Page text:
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The Chinese search for money leaves too many 'monks holding umbrellas'

Of Mao Zedong's many pithy quotes, one impresses me the most: “I'm a monk holding an umbrella” (我是和尚打傘). Those were the words he told Edgar Snow four decades ago at the height of the Great Cultural Revolution, but the late American journalist and author of “Red Star Over China” did not get it and interpreted these cryptic words as “a lonely old monk walking on a gloomy rainy day.” What Mao really meant was a pun understood by even Chinese school kids: “I fear neither law nor heaven” (wufa wutian 無法無天).

But don't blame Snow for having been victimized by the tricky Chinese language, which is full of pitfalls for foreigners. When I worked in Ottawa in the 1980s, I read a dispatch from Beijing in the Globe and Mail about the new leadership of Hu Yaobang, the outspoken party boss, and Zhao Ziyang, the gung-ho prime minister. The story quoted a catchword in Beijing: “Hu talks (胡說 ), Zhao gets jobs done (趙辦).” The translation seemed flawless at first glance, but the saying was actually intended as a joke, meaning “Hu shoots the bull, Zhao follows accordingly.” (胡說,照辦)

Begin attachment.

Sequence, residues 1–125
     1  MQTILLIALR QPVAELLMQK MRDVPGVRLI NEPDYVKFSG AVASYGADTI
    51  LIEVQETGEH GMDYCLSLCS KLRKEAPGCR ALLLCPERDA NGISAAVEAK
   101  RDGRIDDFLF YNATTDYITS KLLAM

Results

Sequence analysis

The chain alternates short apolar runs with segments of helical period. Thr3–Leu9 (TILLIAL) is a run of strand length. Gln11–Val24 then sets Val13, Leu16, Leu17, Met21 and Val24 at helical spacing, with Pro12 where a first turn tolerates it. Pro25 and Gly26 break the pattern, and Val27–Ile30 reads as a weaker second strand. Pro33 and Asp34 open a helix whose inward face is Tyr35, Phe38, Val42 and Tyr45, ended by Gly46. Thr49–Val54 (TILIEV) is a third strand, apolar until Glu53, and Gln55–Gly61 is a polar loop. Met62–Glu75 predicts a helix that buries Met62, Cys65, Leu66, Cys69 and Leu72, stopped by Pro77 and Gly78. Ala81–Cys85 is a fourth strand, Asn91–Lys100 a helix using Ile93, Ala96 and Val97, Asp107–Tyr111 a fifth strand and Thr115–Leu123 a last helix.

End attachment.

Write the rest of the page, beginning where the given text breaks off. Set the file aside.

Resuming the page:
Let's not digress too far from the main topic, which is too serious to ignore. This week marks the 46th anniversary of the Great Cultural Revolution, arguably the greatest cultural, political and social disaster in Chinese history. It was launched on May 16, 1966 by Mao Zedong, the tyrant of tyrants who makes Hitler look like Jimmy Carter. Now, nearly half a century later, the wounds inflicted by Mao have barely been healed, because Mao's legacy of lawlessness and reign of terror have proved enduring. There is neither rule of law in China, nor reverence for traditional values and ethics. The madness of Mao's cultural revolution has taken a new form -- the pursuit of money and wealth at any cost.

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